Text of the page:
Pitch: “Clowns aren’t people. Clowns are clowns…”
Why Rent? Forget duck and rabbit season, it’s clown hunting season! A group of white guys have gathered at a fully stocked Texas ranch to shoot their limit of the big-footed beasts, but they didn’t count on the legendary Albino Willie fighting back. Writer/director Barry Tubb’s super low budget comedy finds some real laughs at the expense of clowns and Southern hunter mentality, but it over reaches a bit with its allegorical tie between clowns and homosexuals. The closeted clown outside protests and clown nomenclature are all nice touches, but having a clown anally rape someone? Not cool. Or very clown-like.
Pitch: As if there’s any other type of spawn…
Why Rent? Space slugs land on Earth and quickly begin offing humans in grotesque ways. The action here is centered almost exclusively in a single house as a trio of nerdy high-schoolers and a horror-loving pre-teen find themselves trapped with the mutating and multiplying monster. This 80’s “classic” is ultra low budget and probably won’t appeal to most viewers, but if you have a high tolerance for low quality than it’s definitely worth a watch. And the film’s last few seconds will bring a smile to your face for both its simplicity and awesomeness. **NOTE – This is a region2 DVD which requires either a region-free player or the willingness to watch on your PC.**
Pitch: At least it’s a pretty place to die…
Why Rent? A group of friends hiking in the Scottish Highlands find a young girl held prisoner in a cage in the earth. They free her and head back to town but soon find themselves targeted by her captor and the murderous mercenaries tasked with retrieving her. The always reliable Melissa George leads the group here and does a fine job with both the emotional and physical demands of the character. The film features some gorgeous mountain scenery and works quite well until the third act where things descend both figuratively and literally from the previous heights.
Pitch: Anyone who would let a sleazy fat man watch their children is asking for their minivan to be damaged…
Why Rent? A young man (Jonah Hill) with limited options agrees to babysit three kids, but the night heads some unexpected directions when he takes them to score some coke and get sexed by his “girlfriend.” Surprise! David Gordon Green’s downward spiral continues with this R-rated riff on Adventures In Babysitting that sits somewhere between Pineapple Express and Your Highness on the funny scale (but leans towards the latter’s limited laughs). It’s a borderline rent only because Hill gets in more than a few successful zingers amidst all the jokes that fall flat.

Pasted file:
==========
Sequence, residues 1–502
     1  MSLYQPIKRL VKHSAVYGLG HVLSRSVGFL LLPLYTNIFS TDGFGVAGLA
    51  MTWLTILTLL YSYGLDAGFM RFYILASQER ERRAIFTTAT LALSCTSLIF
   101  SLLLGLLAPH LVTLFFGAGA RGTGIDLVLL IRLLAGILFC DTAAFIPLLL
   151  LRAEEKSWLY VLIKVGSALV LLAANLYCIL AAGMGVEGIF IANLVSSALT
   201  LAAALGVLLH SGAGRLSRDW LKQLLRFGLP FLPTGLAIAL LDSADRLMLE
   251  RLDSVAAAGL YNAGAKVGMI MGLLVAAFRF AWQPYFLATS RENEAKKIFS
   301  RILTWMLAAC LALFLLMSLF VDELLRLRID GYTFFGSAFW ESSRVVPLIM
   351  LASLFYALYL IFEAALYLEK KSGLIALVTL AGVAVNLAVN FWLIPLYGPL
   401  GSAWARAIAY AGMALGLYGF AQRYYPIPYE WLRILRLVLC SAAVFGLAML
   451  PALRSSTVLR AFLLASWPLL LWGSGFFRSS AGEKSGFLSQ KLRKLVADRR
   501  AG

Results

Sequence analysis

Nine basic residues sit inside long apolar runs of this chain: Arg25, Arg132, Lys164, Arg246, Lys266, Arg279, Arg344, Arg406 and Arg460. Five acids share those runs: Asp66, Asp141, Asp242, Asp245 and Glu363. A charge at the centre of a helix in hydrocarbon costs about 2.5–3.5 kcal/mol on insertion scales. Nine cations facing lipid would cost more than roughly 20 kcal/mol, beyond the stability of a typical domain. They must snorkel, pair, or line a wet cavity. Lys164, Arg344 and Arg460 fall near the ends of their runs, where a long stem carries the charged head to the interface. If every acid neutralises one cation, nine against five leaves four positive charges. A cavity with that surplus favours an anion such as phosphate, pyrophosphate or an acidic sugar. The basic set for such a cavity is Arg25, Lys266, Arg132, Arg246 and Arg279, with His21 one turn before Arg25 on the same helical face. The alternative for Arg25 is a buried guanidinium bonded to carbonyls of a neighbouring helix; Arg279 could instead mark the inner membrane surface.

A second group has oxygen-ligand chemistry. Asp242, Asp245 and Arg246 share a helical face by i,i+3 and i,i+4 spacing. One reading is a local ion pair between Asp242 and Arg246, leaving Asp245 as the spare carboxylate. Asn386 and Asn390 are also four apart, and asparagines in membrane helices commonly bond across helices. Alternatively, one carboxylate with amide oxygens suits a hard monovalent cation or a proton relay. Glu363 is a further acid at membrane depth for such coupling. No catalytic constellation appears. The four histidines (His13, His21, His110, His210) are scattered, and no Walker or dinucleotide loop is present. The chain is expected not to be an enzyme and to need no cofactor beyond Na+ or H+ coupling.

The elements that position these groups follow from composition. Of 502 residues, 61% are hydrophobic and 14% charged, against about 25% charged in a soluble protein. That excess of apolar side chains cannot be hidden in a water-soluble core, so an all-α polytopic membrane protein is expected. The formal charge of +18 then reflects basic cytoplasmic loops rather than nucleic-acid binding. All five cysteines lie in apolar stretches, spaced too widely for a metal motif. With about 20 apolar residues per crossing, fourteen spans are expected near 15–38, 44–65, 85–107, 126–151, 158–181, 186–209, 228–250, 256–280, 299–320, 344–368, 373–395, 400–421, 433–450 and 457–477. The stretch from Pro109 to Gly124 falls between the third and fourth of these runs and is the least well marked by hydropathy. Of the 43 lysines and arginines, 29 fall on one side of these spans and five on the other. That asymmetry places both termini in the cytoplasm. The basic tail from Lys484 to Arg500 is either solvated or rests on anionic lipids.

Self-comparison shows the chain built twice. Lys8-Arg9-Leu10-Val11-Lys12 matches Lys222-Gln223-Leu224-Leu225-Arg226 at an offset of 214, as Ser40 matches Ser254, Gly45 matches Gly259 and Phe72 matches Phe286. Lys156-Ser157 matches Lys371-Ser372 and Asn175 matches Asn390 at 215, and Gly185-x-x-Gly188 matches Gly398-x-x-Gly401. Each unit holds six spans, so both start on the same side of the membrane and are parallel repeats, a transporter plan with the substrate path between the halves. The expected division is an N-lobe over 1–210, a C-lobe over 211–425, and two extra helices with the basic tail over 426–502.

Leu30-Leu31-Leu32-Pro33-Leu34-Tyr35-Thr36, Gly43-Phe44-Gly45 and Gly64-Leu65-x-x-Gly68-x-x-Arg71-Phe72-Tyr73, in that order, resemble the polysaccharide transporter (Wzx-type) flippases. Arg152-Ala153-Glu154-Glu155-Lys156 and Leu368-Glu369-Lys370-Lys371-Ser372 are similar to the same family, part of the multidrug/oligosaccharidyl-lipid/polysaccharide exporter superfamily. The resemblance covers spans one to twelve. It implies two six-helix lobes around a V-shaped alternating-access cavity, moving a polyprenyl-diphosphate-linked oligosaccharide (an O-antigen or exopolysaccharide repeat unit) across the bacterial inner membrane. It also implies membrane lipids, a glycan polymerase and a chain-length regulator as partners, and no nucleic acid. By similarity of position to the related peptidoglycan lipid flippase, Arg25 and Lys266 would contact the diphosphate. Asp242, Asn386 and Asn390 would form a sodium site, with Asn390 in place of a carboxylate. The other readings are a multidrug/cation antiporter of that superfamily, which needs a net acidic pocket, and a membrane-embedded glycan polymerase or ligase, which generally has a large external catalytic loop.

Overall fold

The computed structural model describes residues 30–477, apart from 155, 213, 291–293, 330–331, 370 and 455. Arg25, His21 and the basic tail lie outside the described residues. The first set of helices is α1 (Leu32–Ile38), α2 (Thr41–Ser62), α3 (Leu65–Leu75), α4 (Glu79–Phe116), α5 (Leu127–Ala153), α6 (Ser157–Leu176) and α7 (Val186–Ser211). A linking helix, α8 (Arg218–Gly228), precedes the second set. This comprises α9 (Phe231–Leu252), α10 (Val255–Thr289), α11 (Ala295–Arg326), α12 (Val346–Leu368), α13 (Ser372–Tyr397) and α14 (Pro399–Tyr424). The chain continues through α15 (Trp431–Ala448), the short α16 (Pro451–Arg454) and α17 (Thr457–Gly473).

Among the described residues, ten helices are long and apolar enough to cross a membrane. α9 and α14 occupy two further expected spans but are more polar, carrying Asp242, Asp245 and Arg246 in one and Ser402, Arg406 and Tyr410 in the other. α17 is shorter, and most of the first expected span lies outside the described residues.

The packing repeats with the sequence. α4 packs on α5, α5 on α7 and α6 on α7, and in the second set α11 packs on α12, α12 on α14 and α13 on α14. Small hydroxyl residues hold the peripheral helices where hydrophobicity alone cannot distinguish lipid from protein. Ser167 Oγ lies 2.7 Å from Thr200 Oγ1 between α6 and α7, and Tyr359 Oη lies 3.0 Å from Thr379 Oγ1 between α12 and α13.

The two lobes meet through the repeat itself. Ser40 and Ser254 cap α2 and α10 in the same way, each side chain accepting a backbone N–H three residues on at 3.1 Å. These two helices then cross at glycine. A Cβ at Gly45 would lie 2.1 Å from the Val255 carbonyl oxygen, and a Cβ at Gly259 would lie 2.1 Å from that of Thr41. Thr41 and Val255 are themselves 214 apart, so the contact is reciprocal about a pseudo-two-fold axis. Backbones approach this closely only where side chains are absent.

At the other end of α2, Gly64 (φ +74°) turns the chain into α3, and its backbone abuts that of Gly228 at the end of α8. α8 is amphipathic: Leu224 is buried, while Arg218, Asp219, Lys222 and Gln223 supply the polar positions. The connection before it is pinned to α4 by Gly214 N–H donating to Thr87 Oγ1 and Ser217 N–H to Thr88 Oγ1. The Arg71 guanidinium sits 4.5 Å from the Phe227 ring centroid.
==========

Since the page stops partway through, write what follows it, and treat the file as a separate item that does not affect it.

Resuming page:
Pitch: I’d kill for a cage match between these guys and the Butcher the Baker and the Candlestick Maker…
Why Rent? Shortly after a top British spy is forced out of his job he’s called back on a special mission… find the mole at the highest levels of the agency. Gary Oldman earns his Best Actor nomination with a stellar turn as George Smiley, and he’s surrounded by an equally talented and impressive cast including Colin Firth, John Hurt, Mark Strong, Tom Hardy, Benedict Cumberbatch and more. It’s just over two hours long, but I feel like there’s an additional hour or so worth of connective tissue scenes on the cutting room floor that would help tie things together better and fill in some of the action gaps. Still, director Tomas Alfredson’s English language debut is a shining and twisty success.
Pitch: All the cliches, none of the fun…
Why Avoid? A group of idiots heading for New Orleans get lost in the Louisiana woods after trying to take a shortcut, and soon they’re running for their lives from a legendary creature named Alligator Dundee. The setup here is as basic as it gets, and while that doesn’t have to be a bad thing the filmmakers do nothing to make their movie stand apart from the crowd. The effects are weak and not gory enough, the dialogue and acting are equally subpar and the movie is never scary. Skip it and watch Hatchet instead.
Pitch: Almost worth watching for the chick rebellion. Almost…
Why Avoid? E.B. is a young rabbit in line for the job of Easter Bunny, but his aspirations run higher than simply pooping candy for the children of the world to devour. Seriously. When he leaves Easter Island to make it big in Hollywood he meets James Marsden and the two have wacky adventures that aren’t frustrating in the least. Nah, I’m kidding. They have some unfunny and highly frustrating adventures. Skip it and watch Despicable Me instead. (Note: Hop actually releases on 3/23 for no good reason.)
Also out this week, but I haven’t seen the movie/TV show, review material was unavailable, and I have no blind opinion:
General Orders No. 9
Letter Never Sent (Criterion)
The Legend of Awesomest Maximus
Snow White: A Deadly Summer
This Is Not a Movie
The War Room (Criterion)
Read More: This Week in DVD
What are you buying on DVD this week?